LA-based Dan Moran of Concierge Diamonds has had a similar experience in recent months. He estimates that his business in July 2020 was 30% busier than it was the same month last year. Moran told Business Insider that he is currently working with three separate clients on engagement rings where the center diamond alone costs $100,000 or more.
Per Moran, proposals usually begin after Labor Day, but the engagement schedule started earlier this year. “I think as people realized that things were going to be like this for a while, they decided to stop putting big life decisions on hold, like getting engaged,” he said. “People are stuck at home, it’s depressing, and let’s face it, fine jewelry brings joy to pretty much everyone. They want a statement piece to say: I got through this terrible time, I earned this.”
He, too, has customers who are spending their vacation money on jewelry, rather than opting to bank it for a rainy day. “Many of my clients are middle and upper class workers whose incomes and work schedules have not been interrupted during the lockdown. They’re able to work from home, but because they’re no longer spending money on things like going out, they have extra cash that they were planning on spending elsewhere.”
Restocking the wine cellar with pricey reds
Tiffany Bradshaw is a wine educator and concierge in California. She’s seen people directing their money away from trips and spending, instead, on vintages that evoke the places her clients can’t visit right now. The 150 or so wines she sells top out at $350 per bottle for a 100-point vintage like the Surrealist from Jean-Charles Boisset.
Bradshaw says her business in May 2020 was more than double the same month the previous year.
“Sales started picking up immediately, because people were all of a sudden stuck at home without planning to be, and frankly, they turned to alcohol,” she said of the early days of the pandemic. “There was a lot of anxiety and concerns about the unknown and their health so people wanted wine to relax and feel better.” They kept replenishing their cellars as their disposable income effectively increased.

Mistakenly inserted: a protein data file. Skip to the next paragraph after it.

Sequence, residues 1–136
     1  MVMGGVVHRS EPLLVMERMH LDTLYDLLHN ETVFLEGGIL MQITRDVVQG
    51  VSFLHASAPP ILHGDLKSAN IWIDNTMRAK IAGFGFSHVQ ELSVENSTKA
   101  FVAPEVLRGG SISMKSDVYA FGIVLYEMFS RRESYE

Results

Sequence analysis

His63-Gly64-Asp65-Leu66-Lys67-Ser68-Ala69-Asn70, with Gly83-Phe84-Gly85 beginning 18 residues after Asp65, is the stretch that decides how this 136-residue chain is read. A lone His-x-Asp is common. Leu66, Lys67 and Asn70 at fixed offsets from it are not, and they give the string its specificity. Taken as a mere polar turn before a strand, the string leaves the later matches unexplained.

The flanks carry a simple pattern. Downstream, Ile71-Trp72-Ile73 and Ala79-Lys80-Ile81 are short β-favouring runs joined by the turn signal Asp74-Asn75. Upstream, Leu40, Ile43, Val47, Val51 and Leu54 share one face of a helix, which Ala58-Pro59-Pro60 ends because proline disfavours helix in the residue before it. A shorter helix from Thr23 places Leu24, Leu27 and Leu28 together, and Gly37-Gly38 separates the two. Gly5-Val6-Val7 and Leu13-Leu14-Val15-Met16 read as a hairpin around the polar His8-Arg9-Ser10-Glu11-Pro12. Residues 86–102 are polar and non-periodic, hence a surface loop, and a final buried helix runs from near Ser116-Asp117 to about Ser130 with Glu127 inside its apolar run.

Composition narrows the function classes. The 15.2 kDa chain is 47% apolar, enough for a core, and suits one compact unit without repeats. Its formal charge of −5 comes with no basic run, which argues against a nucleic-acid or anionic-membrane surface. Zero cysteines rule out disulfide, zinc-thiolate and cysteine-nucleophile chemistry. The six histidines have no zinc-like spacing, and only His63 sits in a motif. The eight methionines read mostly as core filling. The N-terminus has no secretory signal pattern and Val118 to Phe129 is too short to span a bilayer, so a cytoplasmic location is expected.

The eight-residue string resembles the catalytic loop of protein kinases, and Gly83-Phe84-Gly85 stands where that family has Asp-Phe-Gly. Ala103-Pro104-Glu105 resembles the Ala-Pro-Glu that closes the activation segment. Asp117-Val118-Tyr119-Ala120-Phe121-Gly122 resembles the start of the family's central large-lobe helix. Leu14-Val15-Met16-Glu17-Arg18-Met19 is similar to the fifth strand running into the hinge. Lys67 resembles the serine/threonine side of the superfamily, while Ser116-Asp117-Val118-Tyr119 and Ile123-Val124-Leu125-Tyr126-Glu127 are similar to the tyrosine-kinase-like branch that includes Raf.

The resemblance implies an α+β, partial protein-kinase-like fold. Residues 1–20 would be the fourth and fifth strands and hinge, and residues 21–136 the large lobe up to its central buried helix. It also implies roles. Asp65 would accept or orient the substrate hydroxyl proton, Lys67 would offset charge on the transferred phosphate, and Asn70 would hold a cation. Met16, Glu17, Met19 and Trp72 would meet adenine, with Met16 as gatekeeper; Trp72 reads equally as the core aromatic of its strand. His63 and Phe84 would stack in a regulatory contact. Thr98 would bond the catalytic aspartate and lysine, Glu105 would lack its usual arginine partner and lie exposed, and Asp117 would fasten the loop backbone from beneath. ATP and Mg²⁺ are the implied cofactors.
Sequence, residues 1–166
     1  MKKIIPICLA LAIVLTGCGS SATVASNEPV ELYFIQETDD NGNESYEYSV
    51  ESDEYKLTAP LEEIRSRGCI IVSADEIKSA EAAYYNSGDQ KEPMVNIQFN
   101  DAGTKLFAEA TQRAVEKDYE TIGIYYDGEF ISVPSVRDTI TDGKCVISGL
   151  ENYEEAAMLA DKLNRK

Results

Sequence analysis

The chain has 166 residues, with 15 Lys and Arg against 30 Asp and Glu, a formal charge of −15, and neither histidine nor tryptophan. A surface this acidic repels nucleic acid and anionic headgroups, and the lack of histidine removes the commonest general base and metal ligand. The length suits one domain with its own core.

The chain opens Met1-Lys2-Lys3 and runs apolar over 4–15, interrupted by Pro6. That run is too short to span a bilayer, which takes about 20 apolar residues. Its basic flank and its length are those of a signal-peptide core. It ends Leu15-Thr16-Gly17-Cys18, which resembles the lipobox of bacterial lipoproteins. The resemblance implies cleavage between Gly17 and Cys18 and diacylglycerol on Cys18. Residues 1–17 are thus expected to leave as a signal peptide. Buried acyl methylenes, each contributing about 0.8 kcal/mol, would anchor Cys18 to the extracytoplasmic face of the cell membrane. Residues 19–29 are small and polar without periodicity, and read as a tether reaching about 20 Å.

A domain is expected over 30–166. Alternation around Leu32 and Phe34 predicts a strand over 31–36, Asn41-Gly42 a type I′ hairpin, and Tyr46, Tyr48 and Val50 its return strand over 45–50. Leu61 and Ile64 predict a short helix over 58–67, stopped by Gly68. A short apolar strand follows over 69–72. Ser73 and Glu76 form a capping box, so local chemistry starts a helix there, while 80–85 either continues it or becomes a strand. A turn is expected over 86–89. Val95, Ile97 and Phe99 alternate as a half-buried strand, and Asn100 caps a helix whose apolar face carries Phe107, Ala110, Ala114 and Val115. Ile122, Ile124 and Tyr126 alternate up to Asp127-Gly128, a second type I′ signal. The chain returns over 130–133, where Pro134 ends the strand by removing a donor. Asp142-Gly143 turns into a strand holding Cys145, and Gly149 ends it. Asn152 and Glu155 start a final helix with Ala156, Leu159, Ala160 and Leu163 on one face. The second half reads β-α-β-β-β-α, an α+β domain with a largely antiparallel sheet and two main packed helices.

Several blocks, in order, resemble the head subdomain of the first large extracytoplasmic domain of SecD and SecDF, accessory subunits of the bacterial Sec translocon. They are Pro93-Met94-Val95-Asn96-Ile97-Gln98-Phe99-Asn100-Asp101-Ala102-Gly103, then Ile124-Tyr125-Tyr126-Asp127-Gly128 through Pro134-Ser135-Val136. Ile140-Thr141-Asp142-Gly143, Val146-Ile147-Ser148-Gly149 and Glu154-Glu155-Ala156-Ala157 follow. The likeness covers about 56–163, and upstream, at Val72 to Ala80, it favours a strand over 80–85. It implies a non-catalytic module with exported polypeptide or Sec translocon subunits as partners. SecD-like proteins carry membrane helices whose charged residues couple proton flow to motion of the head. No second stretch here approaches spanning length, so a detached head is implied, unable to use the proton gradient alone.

Nips and tucks are more popular than ever
Another luxury business that’s enjoyed a bounce from the pandemic is cosmetic surgery, at least per surgeon Dara Liotta, who works on Manhattan’s Park Avenue.
“The most common thing that I hear is that [a client] budgeted X amount of dollars for a summer vacation and time away. And since that’s not happening, they’re ticking their surgery off of their bucket list,” she said. “I had one patient tell me that they normally have a consistent shopping habit, and without anywhere to wear anything, they decided to shop for their face rather than new shoes or handbags.”
Dr. Liotta described another putative patient who came straight to her consulting suite as soon as a lavish trip to Paris was canceled. “She literally came in and told me that she had $6,000 from a first class flight, $8,000 from hotel and a $10,000 shopping budget, so we should ‘just tick down the list.'”
It isn’t just money that’s driving the mini-boom
The boost to certain sectors isn’t driven simply by spare cash. Rather, there’s another equally important factor that has facilitated such spending, as perfumer Ben Krigler observed. Wealthy people might have money, but they’re usually time-poor; during and after lockdown, though, time has been a commodity that’s in unexpectedly ample supply.
Clients used to jet-setting around the world 24/7 are grounded, or at least marooned in one place, be that a home or a yacht.
“They usually don’t have time to think, but now they have nothing [else to do]. Bespoke fragrances take time, and they have that now, too,” he explained. It isn’t always a good thing, though.
“People don’t sleep as well as usual,” Krigler laughed. “So now I get lots of questions late at night, like emails at 2 a.m. There are no more rules.”